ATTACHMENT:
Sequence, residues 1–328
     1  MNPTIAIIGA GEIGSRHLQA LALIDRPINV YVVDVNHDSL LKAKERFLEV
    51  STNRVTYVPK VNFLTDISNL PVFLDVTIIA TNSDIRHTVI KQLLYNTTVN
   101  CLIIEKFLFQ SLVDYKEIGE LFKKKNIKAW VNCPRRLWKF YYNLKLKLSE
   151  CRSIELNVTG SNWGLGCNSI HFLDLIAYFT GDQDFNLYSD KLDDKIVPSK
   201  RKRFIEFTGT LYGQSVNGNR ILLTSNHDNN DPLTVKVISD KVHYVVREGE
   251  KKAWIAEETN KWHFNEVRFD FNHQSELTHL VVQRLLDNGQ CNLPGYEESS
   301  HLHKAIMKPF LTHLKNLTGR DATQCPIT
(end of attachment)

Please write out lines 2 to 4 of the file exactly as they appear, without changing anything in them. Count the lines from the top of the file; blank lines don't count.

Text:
     1  MNPTIAIIGA GEIGSRHLQA LALIDRPINV YVVDVNHDSL LKAKERFLEV
    51  STNRVTYVPK VNFLTDISNL PVFLDVTIIA TNSDIRHTVI KQLLYNTTVN
   101  CLIIEKFLFQ SLVDYKEIGE LFKKKNIKAW VNCPRRLWKF YYNLKLKLSE